On Sept. 28, 2016, the U.S. Food and Drug Administration (FDA) announced that they granted approval to Medtronic’s MiniMed 670G for the treatment of individuals with type 1 diabetes (T1D). The device is a revolutionary “artificial pancreas” that monitors blood sugar levels and then delivers the required dose of insulin. For people with T1D, artificial pancreas systems are the first major breakthrough in diabetes management since insulin therapy. While input from the user is still required, the MiniMed 670G is still the closest thing to a human pancreas that is available today.
Medtronic’s automatic insulin delivery device is expected to hit the market by Spring of 2017 and the medical device will require a prescription. A Medtronic Diabetes spokesman said the timeline gives them ample opportunity to train clinicians and health educators about how the new diabetes management system works.
How It Works
The MiniMed 670G has a cellphone-sized device glucose monitor for blood sugar monitoring at five-minute intervals wirelessly connected to an insulin pump, on a catheter that is injected under the skin. You do have to enter your carbohydrate intake manually, however, the pump does the rest, using a sophisticated algorithm to deliver the right amount of insulin to keep your glucose levels under control. The pump stops delivering insulin if your blood sugar level becomes too low. To prevent a build-up of scar tissue, the injection site is changed every three days.
Comments From Clinical Trial Participants
No one reported any serious side effects. Participants mentioned how happy they were not having to constantly monitor their glucose levels and then take insulin. Many people remarked that it was great to sleep through the whole night once again and a feeling of freedom when they didn’t have to think about their diabetes every minute of every day.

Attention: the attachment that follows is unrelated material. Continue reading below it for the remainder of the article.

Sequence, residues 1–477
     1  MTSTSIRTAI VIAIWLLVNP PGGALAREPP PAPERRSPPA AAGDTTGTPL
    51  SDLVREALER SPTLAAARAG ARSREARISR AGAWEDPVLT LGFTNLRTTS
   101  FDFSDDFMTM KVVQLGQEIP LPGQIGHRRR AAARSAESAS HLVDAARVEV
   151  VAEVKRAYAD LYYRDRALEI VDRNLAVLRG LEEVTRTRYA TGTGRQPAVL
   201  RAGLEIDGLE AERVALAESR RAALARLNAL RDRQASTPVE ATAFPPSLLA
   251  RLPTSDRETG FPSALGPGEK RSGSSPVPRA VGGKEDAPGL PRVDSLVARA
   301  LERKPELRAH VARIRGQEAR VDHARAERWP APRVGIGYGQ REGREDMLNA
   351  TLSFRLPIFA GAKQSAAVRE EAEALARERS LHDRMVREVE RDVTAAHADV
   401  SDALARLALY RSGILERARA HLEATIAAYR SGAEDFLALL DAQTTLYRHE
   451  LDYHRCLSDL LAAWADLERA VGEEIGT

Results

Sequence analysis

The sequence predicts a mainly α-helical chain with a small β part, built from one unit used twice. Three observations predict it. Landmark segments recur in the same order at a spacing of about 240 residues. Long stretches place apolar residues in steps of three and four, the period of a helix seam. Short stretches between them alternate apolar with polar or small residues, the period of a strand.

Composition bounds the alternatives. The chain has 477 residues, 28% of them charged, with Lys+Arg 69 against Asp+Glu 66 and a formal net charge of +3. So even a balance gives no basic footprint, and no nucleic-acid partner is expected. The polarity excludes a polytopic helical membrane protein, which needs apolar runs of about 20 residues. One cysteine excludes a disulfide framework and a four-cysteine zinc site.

The FDA considered data from 123 participants, who used the MiniMed 670G for three months, in a clinical trial before granting approval for the device for people age 14 years or older who use more than eight units of insulin per day. Medtronic is now studying the safety of its artificial pancreas for children as young as seven. The FDA is asking Medtronic to perform additional studies to gauge how well the device fits into people’s daily lives.
Parents are eagerly anticipating FDA approval for the MiniMed 670G for younger children. If you’re a parent of a child with T1D, you know that sleep-overs at friends and camping with the Scouts is extremely challenging, even waking up in the middle of the night, every single night, to check your child’s glucose levels eventually wears you down. The artificial pancreas is life-changing, not only for adults with T1D, but also for parents of teens with TID.
As early as 2006, the JDRF, formerly the Juvenile Diabetes Research Foundation, started advancing the development of artificial pancreas systems by funding for research. They also asked the Senate and House Diabetes Caucus to fund research for artificial pancreas medical devices, which was shared by all potential manufacturers. Medtronic applied for FDA approval in June and received it in September, thanks to the company’s focus on giving the FDA everything they needed for a rapid approval. JDRF also plans to urge public and private insurance companies to cover the device. Of all the current treatments for diabetes, the artificial pancreas is the only one offering automated blood-sugar management that responds to high and low blood glucose levels.